Look for Trends when Getting Advice
As a small business owner I’ve had many many discussions with colleagues about my products and services. Throughout these discussions I have gleaned some outstanding pieces of advice about things I should be focusing on and ideas that I should be pursuing. I also have been on the receiving end of some pretty random ideas which may have had some merit in the eyes of the beholder but just didn't seem to fit well with the direction that I want to take the business. One colleague of mine got pretty peeved with me because I wasn't executing upon his advice. The truth is, his advice just didn't align with the other advice I was getting and didn't fit well with the direction that I want to go. I stuck with my spider-senses and didn't execute upon his advice.
I always want to ensure I am putting my four decades of experience to good use by helping others grow—and helping them avoid some of the (many) mistakes I made as a project manager, leader and human being.
In thinking through my responsibility as a steward, it occurred to me that being effective as a project manager is much more than honing skills—it’s about guiding project managers in not only work skills, but also life experiences. It’s about positioning project managers for long-term success. It’s about helping PMs bounce back from failure, learn from it, and then help others avoid the same failure. It’s about what I call building sustainability, which will be the underlying theme of my content: the Sustainable PM.
Read more on my column at ProjectManagement.com.
George Bailey and Leadership
In the movie It's a Wonderful Life, George Bailey contemplates suicide after his uncle misplaces a deposit which threatens the closure of his bank. Just as George is about to jump off a bridge, his guardian angel Clarence jumps in the water prompting George to jump into the water to rescue him. After the rescue, Clarence takes George on a journey to show him what life would have been like had George never been born. George got to see first-hand how person after person was worse off because each of them didn't have the opportunity to be touched by George in some way. Even George's wife Mary met the politically incorrect fate of being an old maid working in the city library. After George's alternate reality journey, he emerged with a wonderful appreciation for all of the good he did in his life and how he impacted so many people with his kindness, generosity, and empathy.
I used this story to open up my sister Lori's eulogy.
When I was a kid one Christmas I got a Lionel train set from my parents. It was really cool. The locomotive had a smoke stack that actually "smoked" when you put a drop of oil into it. I can still remember the burning oil smell the locomotive would emit as it raced around the tracks. The transformer which governed the speed of the train went all the way up to "90" (I still believe it was in "miles per hour!") and had three rail cars that were all different colors and a caboose. The train set also came with enough track to form a figure-8 that I would push the tracks together using special pins that fit into the ends of the tracks.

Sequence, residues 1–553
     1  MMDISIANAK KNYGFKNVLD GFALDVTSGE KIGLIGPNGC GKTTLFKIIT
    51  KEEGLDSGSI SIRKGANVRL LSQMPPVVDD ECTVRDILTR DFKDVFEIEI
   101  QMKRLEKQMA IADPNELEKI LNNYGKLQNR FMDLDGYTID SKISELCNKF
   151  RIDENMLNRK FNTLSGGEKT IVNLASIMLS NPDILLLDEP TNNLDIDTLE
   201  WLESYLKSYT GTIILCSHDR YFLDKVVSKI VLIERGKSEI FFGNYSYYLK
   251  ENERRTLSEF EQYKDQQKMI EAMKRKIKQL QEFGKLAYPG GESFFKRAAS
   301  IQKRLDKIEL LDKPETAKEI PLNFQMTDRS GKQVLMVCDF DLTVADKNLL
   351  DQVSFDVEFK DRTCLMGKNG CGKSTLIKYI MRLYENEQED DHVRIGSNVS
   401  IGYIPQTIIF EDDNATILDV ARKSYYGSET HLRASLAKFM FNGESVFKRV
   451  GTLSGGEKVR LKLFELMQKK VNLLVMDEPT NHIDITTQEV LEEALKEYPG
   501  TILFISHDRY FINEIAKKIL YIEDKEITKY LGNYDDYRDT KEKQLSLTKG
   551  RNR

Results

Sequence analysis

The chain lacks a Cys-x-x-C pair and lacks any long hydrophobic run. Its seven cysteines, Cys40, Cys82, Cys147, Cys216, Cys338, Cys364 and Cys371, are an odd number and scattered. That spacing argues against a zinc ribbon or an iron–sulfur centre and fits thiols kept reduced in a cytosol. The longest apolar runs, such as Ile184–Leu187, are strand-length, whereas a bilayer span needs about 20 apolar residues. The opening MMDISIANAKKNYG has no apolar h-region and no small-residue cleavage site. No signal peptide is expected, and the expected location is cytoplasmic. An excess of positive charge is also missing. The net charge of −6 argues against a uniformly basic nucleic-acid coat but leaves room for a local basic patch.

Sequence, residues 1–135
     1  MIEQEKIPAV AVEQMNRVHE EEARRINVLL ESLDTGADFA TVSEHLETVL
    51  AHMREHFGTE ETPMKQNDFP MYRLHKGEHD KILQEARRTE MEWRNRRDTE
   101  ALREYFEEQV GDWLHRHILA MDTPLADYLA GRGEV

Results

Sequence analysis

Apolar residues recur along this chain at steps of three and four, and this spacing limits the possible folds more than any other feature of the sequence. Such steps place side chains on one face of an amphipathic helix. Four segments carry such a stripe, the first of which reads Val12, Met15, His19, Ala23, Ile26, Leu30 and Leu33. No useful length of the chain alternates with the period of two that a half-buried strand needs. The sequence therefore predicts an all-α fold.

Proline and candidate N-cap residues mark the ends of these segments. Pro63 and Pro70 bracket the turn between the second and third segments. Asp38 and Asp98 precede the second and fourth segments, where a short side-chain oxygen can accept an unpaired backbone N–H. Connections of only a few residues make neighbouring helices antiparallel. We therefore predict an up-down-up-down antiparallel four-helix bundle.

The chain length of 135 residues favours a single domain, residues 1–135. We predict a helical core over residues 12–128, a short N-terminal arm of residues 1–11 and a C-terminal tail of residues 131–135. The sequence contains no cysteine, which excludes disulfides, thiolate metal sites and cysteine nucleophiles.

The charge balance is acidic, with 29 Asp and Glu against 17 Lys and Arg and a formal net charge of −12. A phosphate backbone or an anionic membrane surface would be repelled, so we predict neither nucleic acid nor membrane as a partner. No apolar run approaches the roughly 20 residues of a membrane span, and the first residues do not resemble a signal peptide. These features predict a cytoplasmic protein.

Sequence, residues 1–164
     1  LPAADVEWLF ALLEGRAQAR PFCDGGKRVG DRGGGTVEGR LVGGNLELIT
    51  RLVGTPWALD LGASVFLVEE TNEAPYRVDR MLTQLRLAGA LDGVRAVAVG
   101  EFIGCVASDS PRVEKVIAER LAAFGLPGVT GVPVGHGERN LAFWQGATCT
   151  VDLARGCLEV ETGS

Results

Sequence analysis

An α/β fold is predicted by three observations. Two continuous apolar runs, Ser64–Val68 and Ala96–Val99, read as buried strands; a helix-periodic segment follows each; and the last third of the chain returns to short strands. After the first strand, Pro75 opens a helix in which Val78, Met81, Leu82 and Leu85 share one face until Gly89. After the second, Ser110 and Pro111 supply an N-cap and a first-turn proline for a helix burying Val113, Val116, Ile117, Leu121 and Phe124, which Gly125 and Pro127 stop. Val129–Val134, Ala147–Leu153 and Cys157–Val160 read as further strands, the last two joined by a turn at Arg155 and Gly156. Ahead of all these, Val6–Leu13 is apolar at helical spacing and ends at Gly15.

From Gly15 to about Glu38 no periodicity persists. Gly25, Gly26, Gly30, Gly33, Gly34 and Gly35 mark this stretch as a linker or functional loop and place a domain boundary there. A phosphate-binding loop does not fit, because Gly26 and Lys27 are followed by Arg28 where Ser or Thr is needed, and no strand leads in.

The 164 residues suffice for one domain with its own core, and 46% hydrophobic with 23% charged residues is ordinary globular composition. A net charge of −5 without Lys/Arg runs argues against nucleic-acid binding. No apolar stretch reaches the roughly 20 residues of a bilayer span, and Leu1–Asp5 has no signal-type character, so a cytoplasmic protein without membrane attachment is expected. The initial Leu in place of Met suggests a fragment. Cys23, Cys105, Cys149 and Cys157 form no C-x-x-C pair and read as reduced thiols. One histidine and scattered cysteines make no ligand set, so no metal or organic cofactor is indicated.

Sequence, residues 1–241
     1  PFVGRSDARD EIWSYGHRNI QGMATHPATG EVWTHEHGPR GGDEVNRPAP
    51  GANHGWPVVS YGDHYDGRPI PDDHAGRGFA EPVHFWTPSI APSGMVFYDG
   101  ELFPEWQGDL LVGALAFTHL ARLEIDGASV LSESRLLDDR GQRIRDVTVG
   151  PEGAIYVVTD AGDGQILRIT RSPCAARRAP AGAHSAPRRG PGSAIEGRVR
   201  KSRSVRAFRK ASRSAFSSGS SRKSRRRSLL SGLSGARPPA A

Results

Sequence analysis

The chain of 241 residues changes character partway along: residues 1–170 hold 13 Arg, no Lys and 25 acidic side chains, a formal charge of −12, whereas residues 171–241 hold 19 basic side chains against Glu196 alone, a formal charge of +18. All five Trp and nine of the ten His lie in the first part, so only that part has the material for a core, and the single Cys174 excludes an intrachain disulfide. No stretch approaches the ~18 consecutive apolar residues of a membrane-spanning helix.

When I was a kid in Connecticut I went with my Father to take my sister and her infant son to the train station. My sister had a lot of bags so my Father helped her carry her things on to the train. I was standing on the platform waiting for my Father to get off the train so we could go home. Then all of a sudden the train started moving with my Father still on the train! Here I am, an 8-year-old boy standing on the train platform all by myself while my Father is on the train heading to Washington DC. I remember seeing the train start to pull away, and my Father waving at me through the window to go to the ticketing office so I can tell them what happened. This was in the days where there were no cell phones, so my Father couldn't communicate with me to let me know what was happening. I went into the ticketing office and through sobs told the ticket agent that my Father got stuck on the train and I got left on the platform all by myself. The ticket agent was very reassuring and told me that everything was going to be OK. Fortunately the next stop was only about 30 minutes away so I was reunited with my Father in an couple of hours. It was one of the scariest times of my entire childhood, being left on the train platform all by myself.
So everything isn't always peachy keen when it comes to working together. At times co-workers are going to get in each others' face and have some conflict. As a bystander, there's some things you can do and not do to help put out the co-worker fire:
Some time back I spent about three hours writing and doing emails at one of our local malls. I love this place because there are lots of tables to sit at and the mall has free wireless access so I can be online all the time. As I was exiting the mall I noticed a woman about 20 feet away from the entrance heading into the mall. As I walked out the door I held the door open for this woman for a few seconds. As she walked by me into the mall she said "WOW!" She was surprised that I actually took three seconds out of my life to hold a door open for a complete stranger. Imagine what I could have done with those three seconds that I wasted :-).
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